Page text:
Strengthening your core has many benefits for your overall health and well-being. It is made up of many groups of muscles centered around the torso. This includes abs, lower back, pelvis, and hips. This network of muscles is responsible for balance and stability allowing your arms, legs, and spine to move in unison. As we age we tend to not use these muscles as frequently which leads to a weakened core. These kettlebell exercises help to solve that problem without exerting too much stress on the body.
Eric and Juan Leija of Onnit fame share a creative kettlebell EMOM workout that features 4 sets of moves repeated for 6 rounds. That's 24 minutes of high-intensity kettlebell training! The exercises include staples such as swings, presses, snatches & high pulls. It may sound complicated but it is easy to follow and makes for a fun but challenging workout.
When comes to the benefits of kettlebell exercises the one study that is widely touted is from the American Council on Exercise. ACE concluded that the typical 20-minute kettlebell workout burns on average 400 calories. Although this study goes all the way back to 2010, the facts remain. Kettlebell exercises are great for weight loss. Beyond this experiment, no others have really garnered widespread acclaim or recognition.
Many fitness experts agree that performing 300 kettlebell swings a day is an excellent way to lose weight fast. There are suggestions on how you should break the reps up as well as 300 swing challenges. Almost no one suggests doing them all in one go. Sure, that's possible but not realistic for the average person to do day after day. I've found the best way is to do them in one workout session in intervals.
It's been just over 3 years since I launched Kettlebell Krusher. Since that time, the site has evolved into more than just a personal blog about the benefits of kettlebells. I've come to realize just how passionate people are about getting fit with this awesome tool. Therefore, a redesign & rebranding was necessary to reflect this new direction and inspire others to use kettlebells.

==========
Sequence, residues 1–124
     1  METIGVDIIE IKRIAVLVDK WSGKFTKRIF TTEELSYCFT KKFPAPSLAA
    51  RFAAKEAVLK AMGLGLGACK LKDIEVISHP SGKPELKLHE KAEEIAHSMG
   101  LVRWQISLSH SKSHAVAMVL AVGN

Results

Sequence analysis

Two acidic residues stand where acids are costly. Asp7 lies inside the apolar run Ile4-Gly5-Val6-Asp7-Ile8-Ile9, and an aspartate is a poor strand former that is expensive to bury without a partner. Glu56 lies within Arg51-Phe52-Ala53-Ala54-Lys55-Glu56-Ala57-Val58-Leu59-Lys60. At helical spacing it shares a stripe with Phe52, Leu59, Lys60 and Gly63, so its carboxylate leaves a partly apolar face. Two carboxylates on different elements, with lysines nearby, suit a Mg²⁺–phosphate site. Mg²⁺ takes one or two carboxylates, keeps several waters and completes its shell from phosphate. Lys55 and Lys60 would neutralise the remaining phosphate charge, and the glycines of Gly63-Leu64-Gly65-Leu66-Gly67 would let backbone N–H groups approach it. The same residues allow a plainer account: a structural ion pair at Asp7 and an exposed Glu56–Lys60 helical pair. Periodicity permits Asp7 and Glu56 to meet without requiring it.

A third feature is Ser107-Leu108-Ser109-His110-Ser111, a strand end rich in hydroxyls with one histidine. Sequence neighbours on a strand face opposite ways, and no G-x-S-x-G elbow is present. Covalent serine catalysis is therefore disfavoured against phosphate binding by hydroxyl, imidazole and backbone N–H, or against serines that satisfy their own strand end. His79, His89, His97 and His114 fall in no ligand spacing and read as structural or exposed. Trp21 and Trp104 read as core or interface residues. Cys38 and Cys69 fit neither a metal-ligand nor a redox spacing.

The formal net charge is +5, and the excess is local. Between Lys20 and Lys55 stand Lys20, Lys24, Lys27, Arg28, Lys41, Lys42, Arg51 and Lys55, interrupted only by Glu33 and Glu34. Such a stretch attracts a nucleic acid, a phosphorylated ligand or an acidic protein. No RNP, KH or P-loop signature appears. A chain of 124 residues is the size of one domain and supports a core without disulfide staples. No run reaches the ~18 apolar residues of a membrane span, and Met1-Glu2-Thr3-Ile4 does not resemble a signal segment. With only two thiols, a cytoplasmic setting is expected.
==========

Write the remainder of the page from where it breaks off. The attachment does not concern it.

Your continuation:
Keeping fit and healthy is something that many of us aspire for. In response to the COVID-19 pandemic, the importance of regular exercise and looking after our internal health hit the headlines in recent months. There was undoubtedly an emphasis placed on what we could do to keep ourselves in shape.
I love the format of EMOM workouts because there are usually several ways to approach them. Short for Every Minute On The Minute, this type of workout requires the completion of a task within 1 minute. The quicker that task is finished the more rest time before the next round. When it comes to kettlebells, EMOMs typically feature several different exercises counting as reps in a set. Since many kettlebell exercises have variations one may opt for a particular style.
Finding the time to cook dinner isn't always easy. Life has a way of creeping into one's daily schedule throwing everything out of whack. The easiest solution is to just order take-out. However, that's usually not the healthiest of options and the cost adds up quickly. Fortunately, Real Eats solves this problem with its healthy meal delivery service.
So what is all the hype about e-coating anyways? What advantages does it have over powder coating? To answer those questions it's important to understand both processes. This article does a great job explaining each method of coating. Basically, e-coating is a "wet" process that uses an electrical current for adhesion. The kettlebell is submerged in the epoxy while regulated voltage is applied until desired thickness is reached.
While the number of participants is relatively small to most kettlebell events, consider how much weight is necessary. 10 metric tons is equivalent to roughly 20,000 lbs! If you divide that up into what the most commonly used kettlebell is (35 lbs.) that would be over 570 kettlebells. Unlike other weight lifting events, kettlebell competitions are about endurance. Exercises like the clean & jerk (long cycle) and snatch are typically timed in 10-minute sets. Whichever competitor has the most legal lifts at the end is the winner. It's a mental feat as much as it is physical.